The whole command now devolved upon Capt. Holyoke, who led his shattered force, fighting every rod of the way, to the south side of Deerfield meadow to the place known as the "Bars." That the retreat did not end in a general massacre is doubtless due to the skill and bravery of Capt. Holyoke in keeping the main body together, and in protecting flank and rear while pushing forward to avoid the chance of ambuscades. As it was, they found, on arriving at Hatfield, that some fortyUnknownfive or more of their men were missing. Rev. Mr. Russell's letter of May 22d gives some account of the losses, and says that six of the missing have come in, reducing the number of the lost to thirtyUnknowneight or thirtyUnknownnine. Of the Indian losses he gives the report of Sergt. Bardwell that he counted upwards of one hundred in and about the wigwams and along the river banks, and the testimony of William Drew and others that they counted some "sixUnknownscore and ten." "Hence we cannot but judge that there were above 200 of them slain."
Of the slain of our soldiers the following list is taken from the best available authorities. The battle and the leader are perpetuated in the name "Turner's Falls," applied to the scene of the fight.
The two servants mentioned in the following petition were doubtless apprentices whose service was needed by widow Turner about the Captain's business, now left to her management. Buckman (or Bucknam) may have been of Charlestown, son of William. His name appears in a later ledger of John Hull, and John Sawdy was probably son of John of Boston.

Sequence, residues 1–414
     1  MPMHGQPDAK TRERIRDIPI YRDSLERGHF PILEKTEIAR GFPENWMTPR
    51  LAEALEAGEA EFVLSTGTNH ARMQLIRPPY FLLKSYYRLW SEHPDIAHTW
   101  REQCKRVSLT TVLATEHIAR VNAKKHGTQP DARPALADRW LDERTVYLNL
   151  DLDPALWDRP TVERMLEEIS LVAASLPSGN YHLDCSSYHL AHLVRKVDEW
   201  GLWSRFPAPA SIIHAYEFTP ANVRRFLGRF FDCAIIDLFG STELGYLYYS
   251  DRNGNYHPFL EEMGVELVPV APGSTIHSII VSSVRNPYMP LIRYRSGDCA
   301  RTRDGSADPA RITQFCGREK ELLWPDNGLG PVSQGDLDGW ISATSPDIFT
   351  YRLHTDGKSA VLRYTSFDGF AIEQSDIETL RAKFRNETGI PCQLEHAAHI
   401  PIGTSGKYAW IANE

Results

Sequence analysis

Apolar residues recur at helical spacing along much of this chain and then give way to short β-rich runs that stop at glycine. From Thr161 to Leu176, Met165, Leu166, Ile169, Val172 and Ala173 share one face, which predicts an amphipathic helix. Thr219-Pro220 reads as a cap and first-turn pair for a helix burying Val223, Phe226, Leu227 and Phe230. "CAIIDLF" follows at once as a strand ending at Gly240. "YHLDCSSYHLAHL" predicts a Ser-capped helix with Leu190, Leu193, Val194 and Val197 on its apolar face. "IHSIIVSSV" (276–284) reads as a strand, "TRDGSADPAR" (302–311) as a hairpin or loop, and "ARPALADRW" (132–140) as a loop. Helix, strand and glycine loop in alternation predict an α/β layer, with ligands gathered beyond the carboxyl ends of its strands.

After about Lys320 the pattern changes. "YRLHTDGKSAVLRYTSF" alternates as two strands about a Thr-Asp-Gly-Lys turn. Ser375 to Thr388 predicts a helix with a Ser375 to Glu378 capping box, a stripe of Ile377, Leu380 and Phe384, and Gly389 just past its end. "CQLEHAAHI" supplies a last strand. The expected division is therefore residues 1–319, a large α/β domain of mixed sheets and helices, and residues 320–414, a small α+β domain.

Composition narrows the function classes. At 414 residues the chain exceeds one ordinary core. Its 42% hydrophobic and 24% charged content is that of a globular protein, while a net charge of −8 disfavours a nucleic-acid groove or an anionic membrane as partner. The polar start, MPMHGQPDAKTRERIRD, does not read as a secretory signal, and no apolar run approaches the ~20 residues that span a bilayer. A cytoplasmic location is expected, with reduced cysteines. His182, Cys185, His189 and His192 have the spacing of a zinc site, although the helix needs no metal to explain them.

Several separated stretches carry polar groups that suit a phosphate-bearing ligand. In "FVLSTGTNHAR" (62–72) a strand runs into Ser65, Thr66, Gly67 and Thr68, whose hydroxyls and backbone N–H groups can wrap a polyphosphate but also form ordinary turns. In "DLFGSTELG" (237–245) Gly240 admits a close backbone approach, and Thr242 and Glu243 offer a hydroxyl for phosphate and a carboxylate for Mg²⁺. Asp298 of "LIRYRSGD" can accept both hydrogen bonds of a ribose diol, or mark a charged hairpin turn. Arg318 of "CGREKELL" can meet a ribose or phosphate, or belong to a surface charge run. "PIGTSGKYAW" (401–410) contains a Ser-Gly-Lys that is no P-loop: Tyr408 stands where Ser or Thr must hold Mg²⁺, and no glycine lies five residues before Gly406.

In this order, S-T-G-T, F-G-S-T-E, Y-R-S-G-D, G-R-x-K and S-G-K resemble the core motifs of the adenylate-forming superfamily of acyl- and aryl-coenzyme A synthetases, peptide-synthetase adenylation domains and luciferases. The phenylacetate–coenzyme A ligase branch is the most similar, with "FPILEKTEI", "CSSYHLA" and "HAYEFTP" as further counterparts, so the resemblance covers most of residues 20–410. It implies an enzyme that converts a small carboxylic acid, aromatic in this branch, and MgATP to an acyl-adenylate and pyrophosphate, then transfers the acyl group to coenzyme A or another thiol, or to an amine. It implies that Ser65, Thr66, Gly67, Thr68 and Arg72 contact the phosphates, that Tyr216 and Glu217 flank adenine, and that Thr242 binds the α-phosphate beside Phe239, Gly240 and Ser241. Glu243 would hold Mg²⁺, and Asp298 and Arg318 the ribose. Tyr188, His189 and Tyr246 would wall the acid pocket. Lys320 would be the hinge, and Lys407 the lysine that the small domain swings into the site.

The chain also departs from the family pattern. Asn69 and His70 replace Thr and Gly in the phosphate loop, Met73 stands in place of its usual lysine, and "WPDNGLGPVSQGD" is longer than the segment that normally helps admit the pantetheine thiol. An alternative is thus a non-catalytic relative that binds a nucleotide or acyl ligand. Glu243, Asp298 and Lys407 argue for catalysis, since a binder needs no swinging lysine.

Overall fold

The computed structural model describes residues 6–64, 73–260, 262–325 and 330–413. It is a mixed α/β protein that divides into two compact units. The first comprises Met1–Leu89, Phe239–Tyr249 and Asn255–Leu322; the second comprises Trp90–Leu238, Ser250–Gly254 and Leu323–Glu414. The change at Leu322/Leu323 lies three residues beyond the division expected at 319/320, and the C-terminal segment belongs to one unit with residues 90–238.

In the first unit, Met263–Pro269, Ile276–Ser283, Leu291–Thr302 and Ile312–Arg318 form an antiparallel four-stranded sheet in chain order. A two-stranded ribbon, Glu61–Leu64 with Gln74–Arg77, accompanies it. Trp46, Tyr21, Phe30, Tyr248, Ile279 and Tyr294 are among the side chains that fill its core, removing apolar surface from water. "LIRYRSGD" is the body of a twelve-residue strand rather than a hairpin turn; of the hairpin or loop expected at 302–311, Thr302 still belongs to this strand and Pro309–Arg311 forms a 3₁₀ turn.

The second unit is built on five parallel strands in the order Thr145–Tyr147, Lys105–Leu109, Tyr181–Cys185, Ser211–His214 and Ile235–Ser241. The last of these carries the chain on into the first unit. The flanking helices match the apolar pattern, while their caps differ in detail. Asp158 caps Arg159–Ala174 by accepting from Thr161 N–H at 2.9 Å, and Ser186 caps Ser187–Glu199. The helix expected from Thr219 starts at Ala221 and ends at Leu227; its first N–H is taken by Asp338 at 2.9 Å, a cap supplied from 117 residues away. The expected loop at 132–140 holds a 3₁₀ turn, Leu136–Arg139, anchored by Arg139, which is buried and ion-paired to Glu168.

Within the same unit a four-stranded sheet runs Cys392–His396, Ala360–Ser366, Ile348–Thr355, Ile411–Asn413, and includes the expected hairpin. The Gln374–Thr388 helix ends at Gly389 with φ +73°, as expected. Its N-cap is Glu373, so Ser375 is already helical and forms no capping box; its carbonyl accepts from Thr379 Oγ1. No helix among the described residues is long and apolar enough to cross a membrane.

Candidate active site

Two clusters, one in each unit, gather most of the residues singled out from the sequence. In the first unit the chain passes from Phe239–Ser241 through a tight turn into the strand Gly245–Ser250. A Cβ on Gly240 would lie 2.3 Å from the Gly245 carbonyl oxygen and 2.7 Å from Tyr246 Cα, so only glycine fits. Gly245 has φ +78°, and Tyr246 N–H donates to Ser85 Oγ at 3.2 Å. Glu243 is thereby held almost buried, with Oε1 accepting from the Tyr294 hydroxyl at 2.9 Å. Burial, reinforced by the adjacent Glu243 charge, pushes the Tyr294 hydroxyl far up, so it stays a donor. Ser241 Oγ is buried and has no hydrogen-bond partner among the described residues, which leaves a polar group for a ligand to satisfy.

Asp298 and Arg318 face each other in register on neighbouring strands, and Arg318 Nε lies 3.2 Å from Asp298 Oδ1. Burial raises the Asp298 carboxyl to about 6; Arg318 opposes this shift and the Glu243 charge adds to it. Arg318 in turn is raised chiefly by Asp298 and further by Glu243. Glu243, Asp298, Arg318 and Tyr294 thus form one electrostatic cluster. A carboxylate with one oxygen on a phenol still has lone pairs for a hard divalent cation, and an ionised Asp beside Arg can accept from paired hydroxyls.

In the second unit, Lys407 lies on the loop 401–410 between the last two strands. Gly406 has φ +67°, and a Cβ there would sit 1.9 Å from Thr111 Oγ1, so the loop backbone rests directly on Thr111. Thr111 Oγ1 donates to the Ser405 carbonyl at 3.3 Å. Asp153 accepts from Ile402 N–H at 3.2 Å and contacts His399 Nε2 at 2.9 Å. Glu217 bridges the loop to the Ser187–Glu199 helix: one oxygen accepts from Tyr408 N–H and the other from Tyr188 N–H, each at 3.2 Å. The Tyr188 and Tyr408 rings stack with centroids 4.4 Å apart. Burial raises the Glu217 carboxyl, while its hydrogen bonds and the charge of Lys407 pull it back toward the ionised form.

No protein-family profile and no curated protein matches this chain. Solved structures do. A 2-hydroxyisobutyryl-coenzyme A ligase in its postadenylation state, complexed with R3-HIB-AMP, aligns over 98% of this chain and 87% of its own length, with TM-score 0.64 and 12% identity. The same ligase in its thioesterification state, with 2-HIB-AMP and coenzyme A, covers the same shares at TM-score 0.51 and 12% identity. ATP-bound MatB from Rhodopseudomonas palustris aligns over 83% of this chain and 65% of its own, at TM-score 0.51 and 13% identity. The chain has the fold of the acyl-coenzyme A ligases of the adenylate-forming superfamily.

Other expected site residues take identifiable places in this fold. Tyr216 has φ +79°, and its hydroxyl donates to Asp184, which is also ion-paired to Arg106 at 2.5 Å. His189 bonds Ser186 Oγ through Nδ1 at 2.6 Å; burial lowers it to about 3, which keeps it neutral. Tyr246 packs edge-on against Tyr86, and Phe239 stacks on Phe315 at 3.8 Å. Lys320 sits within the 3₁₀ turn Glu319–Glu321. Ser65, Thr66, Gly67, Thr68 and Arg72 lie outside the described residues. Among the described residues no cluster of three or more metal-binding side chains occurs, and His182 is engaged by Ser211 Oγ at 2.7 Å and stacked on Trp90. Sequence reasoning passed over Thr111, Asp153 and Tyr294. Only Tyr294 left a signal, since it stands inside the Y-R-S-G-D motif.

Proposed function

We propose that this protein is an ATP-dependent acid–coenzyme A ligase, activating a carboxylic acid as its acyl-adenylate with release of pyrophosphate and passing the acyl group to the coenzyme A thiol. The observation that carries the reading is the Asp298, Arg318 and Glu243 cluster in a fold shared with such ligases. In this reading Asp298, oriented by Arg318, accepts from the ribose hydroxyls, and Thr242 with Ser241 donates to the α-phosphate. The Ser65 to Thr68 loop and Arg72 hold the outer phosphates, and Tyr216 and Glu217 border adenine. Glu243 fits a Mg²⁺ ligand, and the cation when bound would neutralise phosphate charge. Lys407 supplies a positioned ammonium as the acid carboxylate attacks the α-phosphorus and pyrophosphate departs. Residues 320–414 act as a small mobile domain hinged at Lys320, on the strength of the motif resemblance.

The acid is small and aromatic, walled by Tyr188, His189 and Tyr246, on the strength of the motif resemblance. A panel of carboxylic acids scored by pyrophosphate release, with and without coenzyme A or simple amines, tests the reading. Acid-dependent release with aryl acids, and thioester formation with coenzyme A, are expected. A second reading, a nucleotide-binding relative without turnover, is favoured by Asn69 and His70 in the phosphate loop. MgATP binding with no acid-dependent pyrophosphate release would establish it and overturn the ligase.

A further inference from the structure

To the Honourable Gouvener And Councill Now Assembled In Boston.
Humbly showeth that whereas your poor petitioner hath lost her husband in the Services of the Country Ingaging Against the Barbarious & Cruell Heathen the Enemy thereof And having now still two servants named John Sawdy And Samuell Buckman who went out with him in the Country's service att hadley my widowhood estate & Condition for want of Convenient supply of maintenances makes me Bold to suplicate your honours for An order for theire Releas & discharge from the place to which att present they do belong & that your honours will so far Consider my Condition as to order me pay for whatt Is In your honours Judgment my Just: & Consider me In Respect of the Loss of my Husband as your honours shall see mette which shall further Ingage your poor petitioner to pray for your honors & this Countries peace & prosperity.
[Endorsed]UnknownUnknownMrs. Turners petition, 26 June 1676.
Mass. Archives, vol. 69, p. 21.
Soldiers credited under Capt. William Turner:
The credits above mostly represent those soldiers who served under Capt. Turner from February 20th until April 7th, and the sum œ02 04s. 06d. covers the time until their arrival home, about seven weeks and five days from their marching away. After April 7th, those of his soldiers who remained in the West received credit at the several garrisons at which they were located, and their names will appear in that connection; and this is the reason that so few who were in the "Falls Fight" are credited as serving under Capt. Turner. After his death the officers of the garrison signed their vouchers.